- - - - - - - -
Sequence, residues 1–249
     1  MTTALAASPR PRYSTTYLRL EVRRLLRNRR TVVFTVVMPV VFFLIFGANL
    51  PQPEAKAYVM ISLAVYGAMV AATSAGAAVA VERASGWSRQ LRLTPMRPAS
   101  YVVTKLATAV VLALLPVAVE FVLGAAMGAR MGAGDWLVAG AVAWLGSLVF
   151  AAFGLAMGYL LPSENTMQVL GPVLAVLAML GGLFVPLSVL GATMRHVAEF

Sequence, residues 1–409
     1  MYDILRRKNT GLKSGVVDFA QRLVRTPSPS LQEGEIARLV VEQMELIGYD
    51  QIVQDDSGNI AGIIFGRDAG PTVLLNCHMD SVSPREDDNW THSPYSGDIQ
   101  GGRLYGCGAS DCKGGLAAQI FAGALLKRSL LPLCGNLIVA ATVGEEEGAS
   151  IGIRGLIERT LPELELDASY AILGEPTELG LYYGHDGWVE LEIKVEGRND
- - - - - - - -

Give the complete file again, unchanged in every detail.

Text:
Sequence, residues 1–249
     1  MTTALAASPR PRYSTTYLRL EVRRLLRNRR TVVFTVVMPV VFFLIFGANL
    51  PQPEAKAYVM ISLAVYGAMV AATSAGAAVA VERASGWSRQ LRLTPMRPAS
   101  YVVTKLATAV VLALLPVAVE FVLGAAMGAR MGAGDWLVAG AVAWLGSLVF
   151  AAFGLAMGYL LPSENTMQVL GPVLAVLAML GGLFVPLSVL GATMRHVAEF

Sequence, residues 1–409
     1  MYDILRRKNT GLKSGVVDFA QRLVRTPSPS LQEGEIARLV VEQMELIGYD
    51  QIVQDDSGNI AGIIFGRDAG PTVLLNCHMD SVSPREDDNW THSPYSGDIQ
   101  GGRLYGCGAS DCKGGLAAQI FAGALLKRSL LPLCGNLIVA ATVGEEEGAS
   151  IGIRGLIERT LPELELDASY AILGEPTELG LYYGHDGWVE LEIKVEGRND